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Logo of nihpaAbout Author manuscriptsSubmit a manuscriptHHS Public Access; Author Manuscript; Accepted for publication in peer reviewed journal;
Clin Neuropsychol. Author manuscript; available in PMC 2012 August 1.
Published in final edited form as:
Clin Neuropsychol. 2011 August; 25(6): 942–962.
Published online 2011 July 4. doi:  10.1080/13854046.2011.580284
PMCID: PMC3390144

Neurocognitive and Family Functioning and Quality of Life Among Young Adult Survivors of Childhood Brain Tumors

Matthew C. Hocking, Ph.D., Wendy L. Hobbie, MSN, C.R.N.P., FAAN, Janet A. Deatrick, Ph.D., FAAN, Matthew S. Lucas, M.S., M.A., R.N., Margo M. Szabo, B.S., Ellen M. Volpe, Ph.D., and Lamia P. Barakat, Ph.D.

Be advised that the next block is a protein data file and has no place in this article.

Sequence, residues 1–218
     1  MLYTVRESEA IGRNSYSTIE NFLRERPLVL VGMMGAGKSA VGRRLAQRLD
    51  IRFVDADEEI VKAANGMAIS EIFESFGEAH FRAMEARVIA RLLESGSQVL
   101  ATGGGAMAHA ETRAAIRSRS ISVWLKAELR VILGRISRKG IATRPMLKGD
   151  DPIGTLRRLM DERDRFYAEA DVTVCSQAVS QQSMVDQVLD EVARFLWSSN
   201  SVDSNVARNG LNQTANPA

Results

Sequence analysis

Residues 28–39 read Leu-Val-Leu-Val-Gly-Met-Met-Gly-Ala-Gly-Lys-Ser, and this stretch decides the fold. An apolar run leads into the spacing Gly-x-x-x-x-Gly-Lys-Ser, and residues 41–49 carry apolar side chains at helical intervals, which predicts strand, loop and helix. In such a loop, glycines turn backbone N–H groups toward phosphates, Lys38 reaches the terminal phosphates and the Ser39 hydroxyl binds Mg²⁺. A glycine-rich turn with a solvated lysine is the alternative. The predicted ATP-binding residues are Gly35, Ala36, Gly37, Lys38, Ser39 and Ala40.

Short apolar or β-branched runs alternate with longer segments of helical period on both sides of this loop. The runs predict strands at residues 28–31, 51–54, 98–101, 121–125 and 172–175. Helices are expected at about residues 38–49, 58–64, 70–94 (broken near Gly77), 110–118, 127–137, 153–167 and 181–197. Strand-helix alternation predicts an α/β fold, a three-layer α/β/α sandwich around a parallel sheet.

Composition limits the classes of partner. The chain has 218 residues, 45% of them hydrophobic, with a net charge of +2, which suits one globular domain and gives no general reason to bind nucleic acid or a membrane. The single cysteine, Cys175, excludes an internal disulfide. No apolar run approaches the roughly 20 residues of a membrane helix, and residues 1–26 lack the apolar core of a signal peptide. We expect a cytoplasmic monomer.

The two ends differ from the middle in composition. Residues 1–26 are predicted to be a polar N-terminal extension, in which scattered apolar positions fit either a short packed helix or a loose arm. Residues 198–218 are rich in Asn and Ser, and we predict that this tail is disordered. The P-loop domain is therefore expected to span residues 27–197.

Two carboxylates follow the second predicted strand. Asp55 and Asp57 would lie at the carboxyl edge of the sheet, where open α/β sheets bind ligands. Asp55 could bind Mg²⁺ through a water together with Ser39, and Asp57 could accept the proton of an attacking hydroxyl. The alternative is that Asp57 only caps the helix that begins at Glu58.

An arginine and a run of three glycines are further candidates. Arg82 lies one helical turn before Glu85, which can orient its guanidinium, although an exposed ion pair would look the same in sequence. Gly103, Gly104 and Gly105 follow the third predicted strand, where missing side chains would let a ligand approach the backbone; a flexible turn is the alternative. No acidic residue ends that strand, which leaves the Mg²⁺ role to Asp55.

Many childhood brain tumor survivors experience significant neurocognitive late effects across multiple domains that negatively affect quality of life. A theoretical model of survivorship suggests that family functioning and survivor neurocognitive functioning interact to affect survivor and family outcomes. This paper reviews the types of neurocognitive late effects experienced by survivors of pediatric brain tumors. Quantitative and qualitative data from three case reports of young adult survivors and their mothers are analyzed according to the theoretical model and presented in this paper to illustrate the importance of key factors presented in the model. The influence of age at brain tumor diagnosis, family functioning, and family adaptation to illness on survivor quality of life and family outcomes are highlighted. Future directions for research and clinical care for this vulnerable group of survivors are discussed.